Welcome to Bud’s Blog

Posted March 1, 2009 by oldereyes
Categories: feeling older

The real voyage of discovery consists not in seeking new landscapes but in having new eyes – Marcel Proust

Sometimes Older Eyes work, too Bud

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Necessary Definitions

Sage – a wise man; a man of gravity and wisdom; especially, a man venerable for years, and of sound judgment and prudence.

Curmudgeon – an ill-tempered old person full of stubborn ideas or opinions.

Fool – A person with poor judgment or little intelligence; a jester, a person whose role was to entertain a sovereign and the court, often with foolishness.
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I’ve been wondering lately what it would be like to be able to relive my life knowing what I know now. Or if I was able to give my grown children a view of the world through my Older Eyes, would it change their lives? Here’s a provocative proposition: If I could get every twenty-year old to look at the world through sixty-four year old eyes for just a few minutes, it would either change them for the better or kill them. Provocative but probably not true. I doubt there are many young men making bucket lists as a result of watching Jack Nicholson and Morgan Freeman.

With a do-over unlikely and getting my children to listen to my archaic opinions only slightly less so, I’ll record the view through my Older Eyes here in Bud’s Blog.   As you read each post, you decide … Sage, Curmudgeon, or Fool … we can agree to disagree on which is which. Your comments are welcome, whatever your age.   If what you read changes you for the better, I’d especially like to know.   Hopefully there will be no casualties.   If you are new here and want a taste of my Older Perspective before diving in, The Best of Feeling Older offers a few of my favorite posts on aging.  Finally, if my work inspires you to try blogging … or even if you think, Jeez, I can do this better than Older Eyes – there are a series of posts on doing just that on my page, Starting a WordPress Blog.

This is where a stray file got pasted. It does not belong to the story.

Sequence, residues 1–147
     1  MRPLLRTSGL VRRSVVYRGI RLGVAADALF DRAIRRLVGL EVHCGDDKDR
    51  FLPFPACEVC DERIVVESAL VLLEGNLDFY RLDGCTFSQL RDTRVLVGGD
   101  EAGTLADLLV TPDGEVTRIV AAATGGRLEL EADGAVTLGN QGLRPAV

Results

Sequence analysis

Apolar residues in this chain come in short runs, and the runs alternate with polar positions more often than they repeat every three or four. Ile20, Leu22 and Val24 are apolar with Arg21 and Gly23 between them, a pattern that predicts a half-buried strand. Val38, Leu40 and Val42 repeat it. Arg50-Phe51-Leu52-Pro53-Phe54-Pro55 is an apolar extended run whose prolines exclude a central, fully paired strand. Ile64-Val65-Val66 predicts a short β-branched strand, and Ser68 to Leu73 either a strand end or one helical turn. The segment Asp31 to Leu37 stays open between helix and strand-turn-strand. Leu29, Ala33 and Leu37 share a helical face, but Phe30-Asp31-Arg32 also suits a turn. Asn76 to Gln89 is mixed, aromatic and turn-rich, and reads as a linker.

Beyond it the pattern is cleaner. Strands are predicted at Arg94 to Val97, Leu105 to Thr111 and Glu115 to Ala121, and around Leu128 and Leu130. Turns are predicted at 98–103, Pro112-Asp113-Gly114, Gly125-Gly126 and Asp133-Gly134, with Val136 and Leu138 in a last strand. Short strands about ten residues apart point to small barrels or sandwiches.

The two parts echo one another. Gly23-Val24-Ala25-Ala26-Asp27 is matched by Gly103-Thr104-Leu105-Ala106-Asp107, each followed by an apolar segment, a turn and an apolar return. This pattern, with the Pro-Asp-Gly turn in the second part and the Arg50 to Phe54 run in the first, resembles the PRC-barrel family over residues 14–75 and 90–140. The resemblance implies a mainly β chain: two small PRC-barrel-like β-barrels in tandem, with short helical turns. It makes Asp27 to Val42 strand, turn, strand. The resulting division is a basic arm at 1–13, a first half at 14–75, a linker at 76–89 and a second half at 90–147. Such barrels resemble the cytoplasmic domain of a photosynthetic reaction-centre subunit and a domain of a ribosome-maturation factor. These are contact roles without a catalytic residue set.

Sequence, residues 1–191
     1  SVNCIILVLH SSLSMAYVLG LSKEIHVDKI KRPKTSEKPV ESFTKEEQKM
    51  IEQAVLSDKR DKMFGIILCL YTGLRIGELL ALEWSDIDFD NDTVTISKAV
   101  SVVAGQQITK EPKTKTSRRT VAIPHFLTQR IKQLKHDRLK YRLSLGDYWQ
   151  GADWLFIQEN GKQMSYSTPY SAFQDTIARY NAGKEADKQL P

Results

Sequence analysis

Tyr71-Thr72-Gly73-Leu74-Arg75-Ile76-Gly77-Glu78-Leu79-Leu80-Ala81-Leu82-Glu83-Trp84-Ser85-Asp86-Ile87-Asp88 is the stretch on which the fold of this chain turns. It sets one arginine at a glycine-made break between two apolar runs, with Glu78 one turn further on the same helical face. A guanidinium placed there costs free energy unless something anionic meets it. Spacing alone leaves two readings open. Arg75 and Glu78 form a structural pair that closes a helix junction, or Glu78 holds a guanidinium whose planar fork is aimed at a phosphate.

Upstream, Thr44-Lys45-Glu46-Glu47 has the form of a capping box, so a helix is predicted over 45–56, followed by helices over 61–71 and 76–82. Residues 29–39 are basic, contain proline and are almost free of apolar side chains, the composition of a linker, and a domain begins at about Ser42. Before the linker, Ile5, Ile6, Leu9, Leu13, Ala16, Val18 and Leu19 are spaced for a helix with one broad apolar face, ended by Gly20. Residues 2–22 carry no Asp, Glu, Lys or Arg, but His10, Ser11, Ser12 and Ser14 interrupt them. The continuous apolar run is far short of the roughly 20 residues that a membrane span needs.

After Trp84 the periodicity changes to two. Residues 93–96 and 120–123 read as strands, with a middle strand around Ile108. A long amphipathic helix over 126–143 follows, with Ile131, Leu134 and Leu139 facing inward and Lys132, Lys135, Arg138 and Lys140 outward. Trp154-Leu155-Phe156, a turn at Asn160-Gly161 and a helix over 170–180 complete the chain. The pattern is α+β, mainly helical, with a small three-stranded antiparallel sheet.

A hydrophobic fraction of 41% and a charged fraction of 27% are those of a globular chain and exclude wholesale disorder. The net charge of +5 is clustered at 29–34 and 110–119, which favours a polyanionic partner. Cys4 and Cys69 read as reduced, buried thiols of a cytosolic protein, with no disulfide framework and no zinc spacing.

Maui at Seventy Three

Posted May 21, 2017 by oldereyes
Categories: perspectives

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Since my wife Muri and I moved to California in 1971, we have vacationed in Maui 7 times.  The first time we were here with our good friends, Don and Jackie, we spent half the time on Oahu and half the time at Napili Bay (perhaps the prettiest bay on Maui).   The second time, we brought our two children and spent time on both Maui and Kauai.   While Kauai is beautiful and less 

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Seven Tee Three

Posted May 20, 2017 by oldereyes
Categories: feeling older

Since I started blogging in 2009, it has been traditional to post something here on Older Eyes – Bud’s Blog for my birthday, which is today.  May 20, 1944.   A long time ago.  A long scroll down the list of years when you are required to provide your birthdate online.   A very different time and place than I inhabit at Seven T Three. I spent my first year living with my Mom and grandparents while Dad served in Italy, then in a bud 1950smodest apartment in New Haven, Connecticut.   If I look at my life now, I’d have to say we didn’t have much but I had a loving, attentive family and lots of friends. According to firsthingsfirst.org,  Recent scientific research has shown that the connections needed for many important, higher-level abilities – like motivation, self-regulation, problem solving, communication and self-esteem – are formed in these early years. Or not formed. And it’s much harder for these essential brain connections to be made later in life.   When I was five, I told a neighbor I wanted to be a nuclear physicist, so I guess those first five years served me well?  Thank you, Mom and Dad.